plaid jacket and slicked hair

23 Apr

My mom and I have an amusing relationship. Every one of my siblings does the perfect “mom voice”, because that is how she speaks to us all of the time. If you were a stranger, you would think it was rude. If you were her child, you would just want to strangle her and hope a stranger notices, so someone can stop you.

Three minutes into arriving at my mom’s house, and she was already annoying. And no, ladies and gents, that comes nowhere near the record.

The night’s excursion began with an agreement. I said, “There will be no tone, and there will be no yelling” She, of course, only got more upset. We were off to look at cars because my mom wanted my opinion and needed to review some pricing. It went surprisingly well, with my mom asking appropriate questions, and our banter providing ample entertainment for Rick, the lucky salesman for the evening.

I had all of these notions of what it would be like. We were going to sit there for 4 hours and haggle over tax and features. Instead we sat there and spoke with Rick, partly about cars, and partly about families. I am in sales, and we were expecting to be sold. In reality, there was no Matilda-esque gluing of bumpers, rolling back of odometers, or good ol’ bait and switch schemes.

Rather, we were offered a painful glimpse into another person’s life. Someone else just trying to make it day by day. Rick had photos of his son plastered around his office. It was probably intentional, but I’m not sure the discussion of his personal life was. I think that had something to do with my mom. She has that way about her. Like she can solve anyone’s problem, and if not, then she can at least make you feel better simply by listening.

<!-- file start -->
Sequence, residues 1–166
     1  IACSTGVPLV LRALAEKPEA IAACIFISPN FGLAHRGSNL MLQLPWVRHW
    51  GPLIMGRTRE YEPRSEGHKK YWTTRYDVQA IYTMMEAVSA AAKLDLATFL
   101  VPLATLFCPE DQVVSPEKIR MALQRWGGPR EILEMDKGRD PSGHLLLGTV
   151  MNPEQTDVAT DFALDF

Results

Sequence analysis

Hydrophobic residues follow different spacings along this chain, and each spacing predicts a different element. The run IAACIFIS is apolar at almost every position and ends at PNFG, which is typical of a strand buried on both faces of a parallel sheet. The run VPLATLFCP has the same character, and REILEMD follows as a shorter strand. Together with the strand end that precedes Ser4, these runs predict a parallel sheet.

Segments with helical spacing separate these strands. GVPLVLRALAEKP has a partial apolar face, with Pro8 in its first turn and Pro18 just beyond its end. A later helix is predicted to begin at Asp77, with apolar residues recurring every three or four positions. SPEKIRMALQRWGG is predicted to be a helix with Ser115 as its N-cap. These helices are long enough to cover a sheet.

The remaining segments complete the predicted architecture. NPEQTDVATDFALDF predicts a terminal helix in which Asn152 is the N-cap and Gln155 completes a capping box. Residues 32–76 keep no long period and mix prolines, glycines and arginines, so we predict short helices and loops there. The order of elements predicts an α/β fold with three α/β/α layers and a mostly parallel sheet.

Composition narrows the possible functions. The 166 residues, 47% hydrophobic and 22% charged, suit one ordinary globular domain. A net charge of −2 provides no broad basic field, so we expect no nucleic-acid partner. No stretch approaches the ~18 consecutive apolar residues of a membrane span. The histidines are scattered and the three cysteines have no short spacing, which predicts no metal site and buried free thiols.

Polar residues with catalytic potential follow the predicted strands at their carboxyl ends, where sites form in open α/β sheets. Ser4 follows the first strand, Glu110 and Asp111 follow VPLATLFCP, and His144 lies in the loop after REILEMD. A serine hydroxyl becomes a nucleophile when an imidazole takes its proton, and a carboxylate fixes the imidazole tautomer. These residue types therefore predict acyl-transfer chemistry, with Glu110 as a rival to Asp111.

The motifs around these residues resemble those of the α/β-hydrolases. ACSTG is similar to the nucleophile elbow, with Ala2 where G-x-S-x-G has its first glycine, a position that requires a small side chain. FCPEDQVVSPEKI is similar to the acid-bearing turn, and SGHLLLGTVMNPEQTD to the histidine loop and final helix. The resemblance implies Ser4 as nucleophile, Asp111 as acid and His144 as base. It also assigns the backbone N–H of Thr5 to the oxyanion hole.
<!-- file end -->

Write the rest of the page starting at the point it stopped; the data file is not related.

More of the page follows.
He had hinted at not wanting to go home. Rick had a 7 year old son. He was never married to his son’s mother. Then talk about cars cars cars. Then he said that his girlfriend (should have been ex girlfriend?) lived with him, and she had a boyfriend. And they agreed she would move out in March because it was his house. But he wanted his son to live there, and know where he was, because she had an irresponsible streak. She went to bars occasionally. He corrected himself. He reworded, she goes to bars frequently.

More talk about cars cars cars.

He said she wanted to move to Connecticut. My mom told him about a California law that doesn’t allow a parent to move a child more than 150 miles away, under certain guidelines. He spoke about how he had already lost one son to a wife that moved away and now lives with her new husband.

Then we talked about custody and children.

And then we decided it was time to go, without buying the car because my mom needed some time to think it over. And Rick talked about the hours he spent at the dealership, and joked about how he was practically a virgin. (Seriously I almost fell out of my seat, and I am pretty sure I was bright red. Not to mention the fact that my mom doesn’t talk about sex. AT ALL.)

And that was the cue to go. And we were officially sold on the idea that Rick needed therapy. And we left knowing that our car buying excursion had a presented an unexpected twist: Our salesman was brutally honest. Maybe too honest.

So maybe we were sold on how sad Rick’s life was, but at least he didn’t have the hair to match. There sure was a lot of pain standing in those shiny shoes though.

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